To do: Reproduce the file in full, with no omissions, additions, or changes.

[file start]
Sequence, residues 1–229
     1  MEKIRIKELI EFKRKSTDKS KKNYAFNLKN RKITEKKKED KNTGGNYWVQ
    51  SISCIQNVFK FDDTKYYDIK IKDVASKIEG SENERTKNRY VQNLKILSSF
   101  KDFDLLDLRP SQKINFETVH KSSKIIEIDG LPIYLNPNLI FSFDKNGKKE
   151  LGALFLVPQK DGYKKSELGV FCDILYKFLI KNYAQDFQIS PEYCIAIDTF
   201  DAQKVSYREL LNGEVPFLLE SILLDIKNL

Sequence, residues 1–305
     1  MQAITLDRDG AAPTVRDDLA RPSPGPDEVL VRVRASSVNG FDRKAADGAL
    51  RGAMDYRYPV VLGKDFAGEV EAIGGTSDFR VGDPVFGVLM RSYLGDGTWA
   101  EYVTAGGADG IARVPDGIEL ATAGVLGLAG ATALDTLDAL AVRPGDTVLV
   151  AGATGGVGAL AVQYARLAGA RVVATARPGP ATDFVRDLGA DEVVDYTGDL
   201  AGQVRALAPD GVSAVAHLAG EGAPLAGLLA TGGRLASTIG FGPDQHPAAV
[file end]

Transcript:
Sequence, residues 1–229
     1  MEKIRIKELI EFKRKSTDKS KKNYAFNLKN RKITEKKKED KNTGGNYWVQ
    51  SISCIQNVFK FDDTKYYDIK IKDVASKIEG SENERTKNRY VQNLKILSSF
   101  KDFDLLDLRP SQKINFETVH KSSKIIEIDG LPIYLNPNLI FSFDKNGKKE
   151  LGALFLVPQK DGYKKSELGV FCDILYKFLI KNYAQDFQIS PEYCIAIDTF
   201  DAQKVSYREL LNGEVPFLLE SILLDIKNL

Sequence, residues 1–305
     1  MQAITLDRDG AAPTVRDDLA RPSPGPDEVL VRVRASSVNG FDRKAADGAL
    51  RGAMDYRYPV VLGKDFAGEV EAIGGTSDFR VGDPVFGVLM RSYLGDGTWA
   101  EYVTAGGADG IARVPDGIEL ATAGVLGLAG ATALDTLDAL AVRPGDTVLV
   151  AGATGGVGAL AVQYARLAGA RVVATARPGP ATDFVRDLGA DEVVDYTGDL
   201  AGQVRALAPD GVSAVAHLAG EGAPLAGLLA TGGRLASTIG FGPDQHPAAV